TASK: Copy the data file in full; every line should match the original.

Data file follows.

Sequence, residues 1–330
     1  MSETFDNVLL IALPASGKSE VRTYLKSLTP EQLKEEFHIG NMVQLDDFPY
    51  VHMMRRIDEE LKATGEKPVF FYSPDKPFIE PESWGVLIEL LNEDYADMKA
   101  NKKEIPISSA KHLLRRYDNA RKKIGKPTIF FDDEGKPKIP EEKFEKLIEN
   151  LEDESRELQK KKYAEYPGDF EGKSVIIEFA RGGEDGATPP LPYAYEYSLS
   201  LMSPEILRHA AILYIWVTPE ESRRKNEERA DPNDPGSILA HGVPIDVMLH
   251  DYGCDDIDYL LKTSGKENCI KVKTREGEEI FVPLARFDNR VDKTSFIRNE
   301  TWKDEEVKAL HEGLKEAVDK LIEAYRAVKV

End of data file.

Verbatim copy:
Sequence, residues 1–330
     1  MSETFDNVLL IALPASGKSE VRTYLKSLTP EQLKEEFHIG NMVQLDDFPY
    51  VHMMRRIDEE LKATGEKPVF FYSPDKPFIE PESWGVLIEL LNEDYADMKA
   101  NKKEIPISSA KHLLRRYDNA RKKIGKPTIF FDDEGKPKIP EEKFEKLIEN
   151  LEDESRELQK KKYAEYPGDF EGKSVIIEFA RGGEDGATPP LPYAYEYSLS
   201  LMSPEILRHA AILYIWVTPE ESRRKNEERA DPNDPGSILA HGVPIDVMLH
   251  DYGCDDIDYL LKTSGKENCI KVKTREGEEI FVPLARFDNR VDKTSFIRNE
   301  TWKDEEVKAL HEGLKEAVDK LIEAYRAVKV